I grew up near Chester and spent my university years in Bristol. I’d always been intrigued by the idea of living in London but wasn’t sure if I could put up with the fast paced lifestyle and terrible tube journeys. Getting a place on the six-week summer internship at Grant Thornton gave me a chance to try out London living and see if it was for me. I had a fantastic six weeks and it was decided – I was moving to London!
Of the Spilling the Beans team, I am the only one based in London. Although there are disadvantages as well as advantages, I wouldn’t have it any other way. However I think that I, along with many other people, might have some misconceptions about what working life is like in other cities. I was intrigued to find out about life in the regional offices of Grant Thornton, the rest of the team certainly seem happy enough! So I decided to write a blog about London and ask someone else in the team to write a blog about life in the regions. Nick decided to accept the challenge…
Easily the worst part of living in London is the daily commute into work. The stifling, packed tube does not set you up well for the day’s work and if you get the train then the advantage of fresh air and mobile phone signal tends to be coupled with the disadvantage of erratically timed trains which turn up if you’re lucky. It’s a Londoners favourite complaint and many people’s reason for not wanting to live in the capital. Having said that, I don’t know of any other city with such a fantastic transport infrastructure which (when it’s working) makes it really easy to get around.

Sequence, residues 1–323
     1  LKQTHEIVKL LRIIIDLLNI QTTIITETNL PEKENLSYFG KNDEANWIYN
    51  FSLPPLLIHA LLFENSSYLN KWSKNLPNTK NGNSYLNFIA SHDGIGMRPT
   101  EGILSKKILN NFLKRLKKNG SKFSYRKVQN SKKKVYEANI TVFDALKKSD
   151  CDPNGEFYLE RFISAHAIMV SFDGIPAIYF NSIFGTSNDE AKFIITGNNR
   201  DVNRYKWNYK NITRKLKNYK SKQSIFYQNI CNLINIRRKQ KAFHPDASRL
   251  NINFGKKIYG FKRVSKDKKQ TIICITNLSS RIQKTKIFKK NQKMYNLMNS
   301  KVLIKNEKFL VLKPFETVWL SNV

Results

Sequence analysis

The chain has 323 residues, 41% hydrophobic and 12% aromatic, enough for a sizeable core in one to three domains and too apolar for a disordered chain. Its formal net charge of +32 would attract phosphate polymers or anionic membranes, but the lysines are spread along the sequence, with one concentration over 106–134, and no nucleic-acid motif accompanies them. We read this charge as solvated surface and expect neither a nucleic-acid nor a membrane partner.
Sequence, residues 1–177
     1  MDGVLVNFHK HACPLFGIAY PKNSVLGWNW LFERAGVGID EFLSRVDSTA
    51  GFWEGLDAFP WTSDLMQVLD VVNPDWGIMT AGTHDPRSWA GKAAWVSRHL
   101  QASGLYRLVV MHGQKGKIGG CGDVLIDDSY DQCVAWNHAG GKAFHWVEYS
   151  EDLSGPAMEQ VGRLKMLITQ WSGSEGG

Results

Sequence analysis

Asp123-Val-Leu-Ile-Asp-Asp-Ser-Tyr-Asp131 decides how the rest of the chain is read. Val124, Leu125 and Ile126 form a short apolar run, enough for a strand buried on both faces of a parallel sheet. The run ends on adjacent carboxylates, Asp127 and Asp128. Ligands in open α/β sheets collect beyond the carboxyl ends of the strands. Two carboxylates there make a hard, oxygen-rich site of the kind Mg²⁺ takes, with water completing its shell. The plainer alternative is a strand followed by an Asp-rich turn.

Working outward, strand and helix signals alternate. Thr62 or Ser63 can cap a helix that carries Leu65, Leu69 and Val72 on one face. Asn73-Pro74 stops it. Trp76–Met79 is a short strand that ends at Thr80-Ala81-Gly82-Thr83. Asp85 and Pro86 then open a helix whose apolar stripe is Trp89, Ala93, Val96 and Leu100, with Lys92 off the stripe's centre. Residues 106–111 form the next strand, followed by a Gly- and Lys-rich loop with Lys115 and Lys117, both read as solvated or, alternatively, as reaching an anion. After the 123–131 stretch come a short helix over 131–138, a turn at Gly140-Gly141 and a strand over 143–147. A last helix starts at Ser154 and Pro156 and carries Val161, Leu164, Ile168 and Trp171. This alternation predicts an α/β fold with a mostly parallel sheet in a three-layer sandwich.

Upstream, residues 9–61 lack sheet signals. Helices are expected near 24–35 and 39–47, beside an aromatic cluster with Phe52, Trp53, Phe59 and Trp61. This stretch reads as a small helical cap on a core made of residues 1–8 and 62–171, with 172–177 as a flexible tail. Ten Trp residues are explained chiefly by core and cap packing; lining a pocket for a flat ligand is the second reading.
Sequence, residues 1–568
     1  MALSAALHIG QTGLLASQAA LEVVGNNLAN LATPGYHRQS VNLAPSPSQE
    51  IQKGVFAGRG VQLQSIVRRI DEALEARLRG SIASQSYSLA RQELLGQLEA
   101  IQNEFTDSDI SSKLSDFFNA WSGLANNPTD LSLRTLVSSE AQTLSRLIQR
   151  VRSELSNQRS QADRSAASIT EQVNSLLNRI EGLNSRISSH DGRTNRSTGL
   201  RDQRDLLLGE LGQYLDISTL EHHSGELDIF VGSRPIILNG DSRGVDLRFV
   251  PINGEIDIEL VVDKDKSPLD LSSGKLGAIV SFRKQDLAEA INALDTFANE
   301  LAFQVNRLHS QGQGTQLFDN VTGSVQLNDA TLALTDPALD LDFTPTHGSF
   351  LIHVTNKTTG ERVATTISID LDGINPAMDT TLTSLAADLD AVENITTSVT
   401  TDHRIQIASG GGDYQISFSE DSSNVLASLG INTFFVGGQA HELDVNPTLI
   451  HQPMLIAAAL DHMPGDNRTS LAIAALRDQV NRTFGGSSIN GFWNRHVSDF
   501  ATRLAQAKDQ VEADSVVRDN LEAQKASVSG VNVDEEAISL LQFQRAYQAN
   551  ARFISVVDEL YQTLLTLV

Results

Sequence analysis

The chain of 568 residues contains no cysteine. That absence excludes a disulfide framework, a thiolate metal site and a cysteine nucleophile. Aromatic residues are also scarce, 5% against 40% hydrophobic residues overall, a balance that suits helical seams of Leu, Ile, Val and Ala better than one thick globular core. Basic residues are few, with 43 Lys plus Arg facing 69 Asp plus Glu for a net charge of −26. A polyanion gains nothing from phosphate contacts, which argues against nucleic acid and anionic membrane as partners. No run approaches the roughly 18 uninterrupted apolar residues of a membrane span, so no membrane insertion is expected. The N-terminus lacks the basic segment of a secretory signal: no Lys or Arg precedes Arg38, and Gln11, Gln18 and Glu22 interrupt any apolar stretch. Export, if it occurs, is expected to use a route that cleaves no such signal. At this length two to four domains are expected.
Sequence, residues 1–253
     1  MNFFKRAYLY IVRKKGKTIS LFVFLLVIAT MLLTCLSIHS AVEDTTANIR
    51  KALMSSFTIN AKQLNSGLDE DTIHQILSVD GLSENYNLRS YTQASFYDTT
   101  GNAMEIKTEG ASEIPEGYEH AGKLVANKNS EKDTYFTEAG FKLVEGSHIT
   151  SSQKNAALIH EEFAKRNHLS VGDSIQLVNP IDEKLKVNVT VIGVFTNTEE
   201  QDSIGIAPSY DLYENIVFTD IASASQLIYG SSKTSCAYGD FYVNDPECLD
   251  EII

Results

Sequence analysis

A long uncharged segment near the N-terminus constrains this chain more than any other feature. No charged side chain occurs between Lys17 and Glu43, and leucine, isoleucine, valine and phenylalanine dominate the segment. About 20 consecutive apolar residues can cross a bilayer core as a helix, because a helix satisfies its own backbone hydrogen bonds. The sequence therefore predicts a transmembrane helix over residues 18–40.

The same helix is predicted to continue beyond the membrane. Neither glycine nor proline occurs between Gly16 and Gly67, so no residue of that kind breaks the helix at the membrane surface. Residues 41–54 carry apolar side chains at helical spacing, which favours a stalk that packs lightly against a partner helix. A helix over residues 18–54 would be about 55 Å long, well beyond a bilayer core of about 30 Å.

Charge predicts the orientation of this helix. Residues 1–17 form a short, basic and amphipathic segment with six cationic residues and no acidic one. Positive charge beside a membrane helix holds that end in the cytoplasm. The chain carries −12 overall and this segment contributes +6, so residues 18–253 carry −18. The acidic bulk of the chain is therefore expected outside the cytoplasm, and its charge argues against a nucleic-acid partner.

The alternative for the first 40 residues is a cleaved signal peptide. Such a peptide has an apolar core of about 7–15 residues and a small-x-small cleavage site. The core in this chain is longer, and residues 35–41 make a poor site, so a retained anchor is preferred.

London is considered by many to be the cultural centre of the UK. With West End theatres on your doorstep, some of the UK’s best museums, fantastic restaurants and bars and plenty of gig venues you are never short of something to do.
Cost of living is obviously much higher in London than in other parts of the UK. In fact my rent is almost double what I was paying in Bristol (although admittedly the house has slightly less of a student feel i.e. no peeling wallpaper and dry rot!). However, salaries in London are inflated to compensate and I find that I can live comfortably as long as I don’t eat out too often!
Grant Thornton is well known as a firm which gives its trainees responsibility early on in their careers. The clients are large enough to be interesting but the firm is small enough that even in the London offices we get responsibility and contact with clients from day one. London is one of the financial centres of the world and working for a financial services firm based here gives you access to some of the most interesting and exciting clients.
As the London offices (there are two, one in Euston and one in Finsbury Square) are the biggest of Grant Thornton’s offices in the UK they take on a large number of trainees each year. This means that you join the firm with a large group of people in a similar situation to you. There is a really good social network amongst the trainees and I found that this made the transition from university to work much easier.
Although I love living and working in London, I’ve heard many good things about Grant Thornton’s regional offices so I’m looking forward to reading Nick’s blog and seeing how life in Southampton compares…
(You can find Nick’s blog at http://traineeblog.grant-thornton.co.uk/2012/02/21/why-i-didnt-choose-london/ and may also wish to look at http://traineeblog.grant-thornton.co.uk/2012/02/23/london-vs-the-regions-the-final-word/, http://traineeblog.grant-thornton.co.uk/2013/09/11/home-or-away-the-big-decision/ and http://traineeblog.grant-thornton.co.uk/2013/05/13/location-location-location/)